How can I find out more information for my business?
• Federal Compensation for Employers of Reservists Program (CERP) – Employers can apply and eligible applicants will receive a lump sum payment, in the form of a grant, following the deployment period of the reservist employee.
- Military Leave Policy information – if your organization does not already have a formal military leave policy, this may be a good opportunity to implement one that provides additional detail beyond what is in the job protection legislation.
- Canadian Forces Liaison Council – Employers Supporting Reservists
Info for military leave policies and federal support (CERP): https://www.canada.ca/en/department-national-defence/services/benefits-military/supporting-reservists-employers.html
- With Glowing Hearts – Reservist Support Program – a turnkey employer support program for reservists. The program provides information and tools for employers of reservists and is an asset for a business to attract and retain experienced and valued reservist/employees.
Info and/or to Register: https://www.surveymonkey.com/r/WithGlowingHearts
originally published April 9, 2020.
Shell’s Quest carbon capture project hits milestone of five million tonnes
CALGARY — Shell Canada says the Quest carbon capture and storage project north of Edmonton has reached the milestone of five million tonnes of stored carbon dioxide, equivalent to the annual emissions of about 1.25 million cars.
It says the accomplishment was achieved ahead of schedule and has been attained at a lower cost than expected.
Quest opened in 2015 and cost about $1.35 billion, backed with $745 million from the Alberta government and $120 million from Ottawa.
Majority ownership of the project was sold to Calgary-based Canadian Natural Resources Ltd. in 2017, along with most of Shell’s Alberta oilsands assets, but Shell retained a 10 per cent interest and is still the operator.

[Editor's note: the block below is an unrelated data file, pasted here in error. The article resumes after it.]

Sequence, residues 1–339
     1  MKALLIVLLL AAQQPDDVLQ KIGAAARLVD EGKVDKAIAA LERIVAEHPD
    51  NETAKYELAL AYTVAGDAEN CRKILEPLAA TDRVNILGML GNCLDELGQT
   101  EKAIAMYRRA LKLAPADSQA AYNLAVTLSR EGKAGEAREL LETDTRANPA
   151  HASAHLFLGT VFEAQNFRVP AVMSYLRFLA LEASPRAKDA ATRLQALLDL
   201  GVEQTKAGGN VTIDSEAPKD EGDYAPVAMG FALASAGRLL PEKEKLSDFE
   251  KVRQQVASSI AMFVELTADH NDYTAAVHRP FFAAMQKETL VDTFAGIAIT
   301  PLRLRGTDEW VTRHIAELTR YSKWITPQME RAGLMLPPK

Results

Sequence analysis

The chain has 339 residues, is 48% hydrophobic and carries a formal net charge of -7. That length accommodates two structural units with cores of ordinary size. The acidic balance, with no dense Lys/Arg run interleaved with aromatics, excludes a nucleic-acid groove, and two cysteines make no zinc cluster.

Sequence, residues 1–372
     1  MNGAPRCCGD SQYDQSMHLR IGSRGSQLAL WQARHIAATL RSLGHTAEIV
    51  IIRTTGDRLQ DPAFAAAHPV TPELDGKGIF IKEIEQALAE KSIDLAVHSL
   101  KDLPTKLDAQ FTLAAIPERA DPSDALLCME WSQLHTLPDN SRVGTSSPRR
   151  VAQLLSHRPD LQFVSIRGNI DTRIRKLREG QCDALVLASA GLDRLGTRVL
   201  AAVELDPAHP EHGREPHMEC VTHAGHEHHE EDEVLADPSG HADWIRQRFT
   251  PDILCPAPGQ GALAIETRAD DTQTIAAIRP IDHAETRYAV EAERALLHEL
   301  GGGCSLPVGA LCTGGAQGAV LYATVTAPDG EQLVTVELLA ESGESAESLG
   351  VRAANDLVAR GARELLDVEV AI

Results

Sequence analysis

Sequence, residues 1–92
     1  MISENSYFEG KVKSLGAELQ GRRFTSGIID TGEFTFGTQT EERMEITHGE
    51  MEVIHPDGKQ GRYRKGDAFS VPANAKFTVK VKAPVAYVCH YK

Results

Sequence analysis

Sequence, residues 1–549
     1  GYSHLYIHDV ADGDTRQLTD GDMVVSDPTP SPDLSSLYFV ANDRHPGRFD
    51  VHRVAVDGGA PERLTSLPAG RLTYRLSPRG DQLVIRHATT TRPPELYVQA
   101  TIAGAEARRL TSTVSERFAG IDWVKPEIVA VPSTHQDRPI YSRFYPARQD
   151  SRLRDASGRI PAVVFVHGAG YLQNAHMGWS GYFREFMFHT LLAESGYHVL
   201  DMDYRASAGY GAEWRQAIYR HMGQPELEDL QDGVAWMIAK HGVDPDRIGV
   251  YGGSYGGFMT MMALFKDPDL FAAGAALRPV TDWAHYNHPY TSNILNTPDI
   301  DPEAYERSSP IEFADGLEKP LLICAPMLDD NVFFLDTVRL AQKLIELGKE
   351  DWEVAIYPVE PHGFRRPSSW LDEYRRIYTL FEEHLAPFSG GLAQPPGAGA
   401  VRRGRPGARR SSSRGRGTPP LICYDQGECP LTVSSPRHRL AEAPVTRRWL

It says the cost to operate Quest is about 35 per cent lower than what was forecast in 2015 and, if Quest were to be built today, it would cost about 30 per cent less.
Quest captures about one third of the CO2 emissions from the Shell-operated Scotford oilsands upgrader and transports it via a 65-kilometre pipeline to be stored more than two kilometres underground in a sandstone rock reservoir.
“Widespread adoption of carbon capture and storage is one of the key solutions the world needs right now to help solve the climate challenge,” said Shell Canada president Michael Crothers.
This report by The Canadian Press was first published July 10, 2020.
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The Canadian Press
‘Stunning:’ Scientists surprised at Fort McMurray fire’s long impact on rivers
EDMONTON — Four years after its flames guttered out, the record-breaking Fort McMurray wildfire continues to astound — this time with its lasting impact on an extensive river system.
“It’s actually stunning that we were able to observe an effect at that large scale,” said Uldis Silins, a University of Alberta professor and co-author of a recently published study on how the 2016 blaze affected the Athabasca River.
In May 2016, the fire swept through nearly 6,000 square kilometres of boreal forest in northern Alberta. Fort McMurray lost 2,400 buildings, and 88,000 people were forced from their homes.
With damage estimates of $10 billion, it was the most expensive natural disaster in Canadian history.